It also would create pilot programs on at least five military bases to provide $8,000 scholarships for elementary school students and $12,000 for older students to attend private schools. It would apply only to bases without schools run by the Defense Department.
And for D.C. students, it would clarify that students previously attending private school would still be eligible for the existing Opportunity Scholarship Program as long as their family meets income requirements. The program gives $20 million a year in federal money to some 6,500 students from low-income families to attend private and parochial school. Right now, the law gives priority to students attending failing public or charter schools but doesn’t ban students already enrolled in private school.
Jeanne Allen, president of the Center for Education Reform, in a statement praised the act as a “fantastic proposal to provide greater educational opportunity to families and students most in need.”
“There is no question that success in enacting the CHOICE Act would transform lives for many,” she added.
The bill has some marquee co-sponsors: Majority Leader Mitch McConnell and Sen. Lamar Alexander, who chairs the Health, Education, Labor and Pensions Committee and oversaw DeVos’s recent confirmation hearing.
(The 74: Wednesday’s Whiplash: After 2 Surprising Senate Defections, DeVos Sees a Fresh Surge of Support)
Scott has introduced the measure twice before. Indiana Rep. Todd Rokita, a Republican, introduced a House version last week, the second time he has done so. Neither received a hearing or markup by a committee.
Other bills reintroduced include:
- Measures to expand 529 college savings plans to cover K-12 education expenses and raise the annual contribution limit on Coverdell accounts that provide tax breaks for K-12 expenses. Introduced by North Carolina Congressman Patrick McHenry.
- Create a federal tax credit of up to $2,250 or $4,500, depending on a filer’s circumstances, for individuals who contribute to state tax-credit scholarship programs. Proposed by Florida Sen. Marco Rubio.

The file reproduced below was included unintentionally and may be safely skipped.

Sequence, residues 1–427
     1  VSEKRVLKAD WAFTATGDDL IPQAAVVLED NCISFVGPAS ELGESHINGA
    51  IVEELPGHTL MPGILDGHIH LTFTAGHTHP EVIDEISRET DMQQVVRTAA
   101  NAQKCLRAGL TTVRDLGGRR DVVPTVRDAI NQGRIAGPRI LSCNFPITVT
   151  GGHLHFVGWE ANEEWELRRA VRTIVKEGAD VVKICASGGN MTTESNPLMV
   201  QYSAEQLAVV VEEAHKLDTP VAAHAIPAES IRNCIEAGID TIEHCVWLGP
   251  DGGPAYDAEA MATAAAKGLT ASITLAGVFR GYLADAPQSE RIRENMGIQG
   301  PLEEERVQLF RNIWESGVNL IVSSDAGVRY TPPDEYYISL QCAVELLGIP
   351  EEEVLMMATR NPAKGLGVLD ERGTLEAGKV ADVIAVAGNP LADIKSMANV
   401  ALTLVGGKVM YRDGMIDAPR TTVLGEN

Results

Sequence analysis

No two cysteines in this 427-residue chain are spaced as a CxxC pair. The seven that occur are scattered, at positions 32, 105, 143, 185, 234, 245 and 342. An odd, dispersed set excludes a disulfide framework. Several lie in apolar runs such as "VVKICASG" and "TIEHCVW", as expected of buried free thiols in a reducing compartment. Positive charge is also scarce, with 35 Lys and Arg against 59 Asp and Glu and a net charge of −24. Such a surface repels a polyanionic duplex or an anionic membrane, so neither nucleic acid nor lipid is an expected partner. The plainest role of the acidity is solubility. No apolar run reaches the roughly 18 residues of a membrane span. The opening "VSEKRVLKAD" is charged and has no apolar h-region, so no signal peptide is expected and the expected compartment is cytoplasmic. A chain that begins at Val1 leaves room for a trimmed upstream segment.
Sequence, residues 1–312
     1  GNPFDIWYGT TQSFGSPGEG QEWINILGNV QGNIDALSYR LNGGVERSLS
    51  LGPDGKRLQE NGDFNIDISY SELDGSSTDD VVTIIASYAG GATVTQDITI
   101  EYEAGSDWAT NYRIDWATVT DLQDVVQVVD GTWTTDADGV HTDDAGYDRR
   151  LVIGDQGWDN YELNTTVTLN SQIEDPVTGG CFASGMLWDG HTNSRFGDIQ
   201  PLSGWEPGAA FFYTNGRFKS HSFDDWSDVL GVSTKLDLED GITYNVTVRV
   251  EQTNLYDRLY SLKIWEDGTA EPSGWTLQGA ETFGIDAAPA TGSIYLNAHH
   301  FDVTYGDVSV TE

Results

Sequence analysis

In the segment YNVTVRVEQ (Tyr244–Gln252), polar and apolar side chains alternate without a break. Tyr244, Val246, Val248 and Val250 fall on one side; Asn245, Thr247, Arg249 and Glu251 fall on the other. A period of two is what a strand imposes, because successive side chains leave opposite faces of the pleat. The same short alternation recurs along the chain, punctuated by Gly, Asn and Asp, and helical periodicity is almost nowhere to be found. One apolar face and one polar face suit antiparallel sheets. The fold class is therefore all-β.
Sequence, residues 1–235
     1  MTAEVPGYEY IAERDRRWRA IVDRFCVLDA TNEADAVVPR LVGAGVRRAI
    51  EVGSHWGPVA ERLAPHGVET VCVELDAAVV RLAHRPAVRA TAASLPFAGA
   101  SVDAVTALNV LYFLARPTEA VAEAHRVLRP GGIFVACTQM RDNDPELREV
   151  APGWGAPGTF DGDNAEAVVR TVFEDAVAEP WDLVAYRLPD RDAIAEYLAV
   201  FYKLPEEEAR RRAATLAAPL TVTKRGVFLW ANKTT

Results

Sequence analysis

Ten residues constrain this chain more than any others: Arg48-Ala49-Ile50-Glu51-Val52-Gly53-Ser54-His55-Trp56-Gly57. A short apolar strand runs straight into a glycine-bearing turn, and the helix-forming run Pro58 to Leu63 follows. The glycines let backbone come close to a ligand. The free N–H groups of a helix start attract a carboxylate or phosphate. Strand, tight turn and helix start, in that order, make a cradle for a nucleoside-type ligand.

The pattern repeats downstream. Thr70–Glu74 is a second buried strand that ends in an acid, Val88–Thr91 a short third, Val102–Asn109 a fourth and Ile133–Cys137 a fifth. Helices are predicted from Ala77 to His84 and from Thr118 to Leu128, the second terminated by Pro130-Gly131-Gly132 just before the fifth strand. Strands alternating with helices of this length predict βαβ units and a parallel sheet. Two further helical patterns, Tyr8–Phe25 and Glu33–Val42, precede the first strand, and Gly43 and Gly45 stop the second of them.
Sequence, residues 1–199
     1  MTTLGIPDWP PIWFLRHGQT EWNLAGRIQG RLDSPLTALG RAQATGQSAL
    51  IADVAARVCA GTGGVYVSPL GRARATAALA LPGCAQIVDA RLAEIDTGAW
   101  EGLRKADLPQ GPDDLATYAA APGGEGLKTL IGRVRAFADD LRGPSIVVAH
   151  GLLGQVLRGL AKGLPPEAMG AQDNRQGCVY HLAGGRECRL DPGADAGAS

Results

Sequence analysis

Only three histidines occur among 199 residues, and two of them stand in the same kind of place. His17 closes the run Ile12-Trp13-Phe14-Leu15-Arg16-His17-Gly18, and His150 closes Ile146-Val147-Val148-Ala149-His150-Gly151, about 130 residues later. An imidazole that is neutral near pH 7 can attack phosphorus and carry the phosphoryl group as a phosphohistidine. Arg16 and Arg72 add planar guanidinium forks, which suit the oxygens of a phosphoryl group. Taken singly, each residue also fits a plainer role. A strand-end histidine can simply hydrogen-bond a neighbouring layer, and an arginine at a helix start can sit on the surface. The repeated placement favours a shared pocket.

- Totally overturn the federal law governing K-12 education, now known as the Every Student Succeeds Act, and allow states to create vouchers for all students, according to a release, and overturn school lunch standards. Put forward by Iowa Congressman Steve King.
School choice proposals like those proposed by Messer and Scott are likely to encounter resistance from Democrats, who in the Senate still can filibuster legislation. Frayed relationships on the usually cordial HELP Committee after DeVos’s contentious nomination process could also be an impediment to a less-expansive bipartisan package that might otherwise attract Democratic support.
(The 74: Betsy DeVos Nomination Clears Hurdle, Leaving Acrimony and Uncertainty About Full Senate Vote)
Changes to the tax code, though, could hitch a ride on a larger tax reform package, which can be passed through budget reconciliation, which requires only a majority vote in the Senate to get through without the usual requisite supermajority. Republicans used it earlier this year to overturn part of the Affordable Care Act over Democrats’ objections.